Building our (remote, distributed) engineering culture

We’re proud of our engineering culture at Envoy. We’re also proud of the fact that 50% of our team works from their homes (the balance is in our San Francisco HQ) and we feel like a unified, high-functioning team. We’re actually required to wear these all the time Note: this isn’t about how you build a […]

We’re proud of our engineering culture at Envoy. We’re also proud of the fact that 50% of our team works from their homes (the balance is in our San Francisco HQ) and we feel like a unified, high-functioning team.

We’re actually required to wear these all the time

Note: this isn’t about how you build a multi-location engineering org, meaning teams located in different geos. In my experience the tactics to make that work are different. This is about building a team composed of folks in different locations.

Here are the things we do that make it work for us and keep it going as we hire more folks. We hope these ideas can help you too.

It starts with your goals and mindsets

The biggest factor is how our team thinks of our distributed environment. Do we hire folks outside of San Francisco because they’re cheaper? Do we believe being in the same room is unilaterally better for communication? Are we doing this to compete for the best talent?

Goals and mindsets affect your approach, strategy, and day to day behaviors so it’s important to be clear, explicit, and on the same page about them.

For us, we do it simply because we’re out to hire the best, and don’t think the best only lives in San Francisco. The talent pool in the world is only getting larger with the evolution of the industry.

The mindsets that help us strategically and day to day:

  1. Everyone is a 1st class citizen. We prefer the word “distributed” over “remote” as there’s no implied hierarchy.
  2. Communication is critical. The biggest difference between working colocated with someone and not is the communication channels can be different. It never means that communication is somehow less important.
  3. We hire and value folks that can succeed in a distributed environment. It’s not for everyone, and not everyone will be good at it.
  4. A strong engineering culture > distributed culture. We believe that promoting shared values, mindsets, skills, and behaviors in our people promotes fairness, regardless of location (and ethnicity and gender and sexual orientation and age and …).

We hire and construct our team around these goals & mindsets

If the goals & mindsets are the “what”, the “how” is in part about who you hire and how you set your teams up to work. These are the guidelines we use for hiring and constructing teams:

  1. We hire folks primarily in or near our timezone (our specific guideline is continental US timezones) so folks can more easily collaborate real time. Timezones cause more pain than location in that regard. If we go into other timezones it will be with the intent of constructing a self-sufficient team there but right now we don’t want or need to.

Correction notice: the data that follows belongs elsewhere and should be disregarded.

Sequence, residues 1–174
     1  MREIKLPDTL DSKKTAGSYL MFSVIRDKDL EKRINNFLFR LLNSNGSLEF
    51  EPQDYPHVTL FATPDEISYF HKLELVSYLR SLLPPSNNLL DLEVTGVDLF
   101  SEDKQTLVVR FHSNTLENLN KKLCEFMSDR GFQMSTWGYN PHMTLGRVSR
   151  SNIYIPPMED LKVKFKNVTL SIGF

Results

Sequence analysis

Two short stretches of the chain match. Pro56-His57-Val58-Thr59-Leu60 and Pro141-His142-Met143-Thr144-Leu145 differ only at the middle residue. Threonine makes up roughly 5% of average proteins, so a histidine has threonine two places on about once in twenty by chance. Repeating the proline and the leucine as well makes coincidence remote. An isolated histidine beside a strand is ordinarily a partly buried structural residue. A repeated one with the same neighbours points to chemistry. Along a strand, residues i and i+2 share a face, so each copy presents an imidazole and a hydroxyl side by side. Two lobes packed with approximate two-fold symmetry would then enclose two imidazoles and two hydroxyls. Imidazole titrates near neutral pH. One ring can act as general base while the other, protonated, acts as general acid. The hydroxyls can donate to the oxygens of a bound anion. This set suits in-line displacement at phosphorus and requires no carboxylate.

2. 50/50 split between HQ & distributed is our target, though that’s flexible. This is because much of our company is still HQ bound, so it’s important to have a significant enough presence in HQ.
  3. Balance. It’s more ideal when there’s a good balance of senior folks working in and outside of HQ, so a location doesn’t have an implicit importance. Similarly, we try and avoid situations where there is a lone person working from home on a team. This should be a lagging indicator of our approach, but is nice when it’s achieved. 2 of our 4 managers and half our senior engineers work out of their home, for example.
  4. Evidence of success working from home. This usually means we won’t hire junior/early-career folks that work out of their house, and we’ll be extra judicious with experienced folks working from home full time for the 1st time. This might change as we get bigger and more able to afford the time to work kinks out.
  5. Empathy, “High I/O” (good communication and open mindedness), strong accountability … basically we hire to the desired behaviors in our job bands. This enables our culture everywhere.

Note: as mentioned earlier, these are tactics for constructing teams made up of folks distributed across locations. At a certain size, we’ll probably mix in having entire teams at locations or perhaps teams made up entirely of folks working from their homes. We’ll evolve our tactics then.

How we work

It’s not just how we hired and constructed our teams. We also put in systems to ensure it works day to day.

  1. Overcommunicate everywhere. This works whether we’re talking to someone a few desks away or in another city. We’ve focused a bunch of energy on great Github etiquette (verbose, templated pull requests and reviews), task tracking (Jira), heavy use of Slack and video, recording meetings if folks can’t attend, ceremonies like weekly demos/Show & Tells and all-engineering gatherings, and many more things. Related, we invest in the highest quality tools for collaboration (Zoom is pretty nice). It pays off.
  2. Nothing beats face to face for bonding. No matter what we do, you can’t replace the human connection which is best created face to face. To this end, we have a quarterly co-location, usually at SF HQ, and loose budgets for traveling in between. That way we spend at least a month a year face to face if not more.
Our recent all-company get together

Conclusion

We believe this is a template we can follow at scale. We feel as long as we have teams composed of folks distributed across locations, we will be able to perpetuate our success using this formula. We hope this helps you too!


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Source: Envoy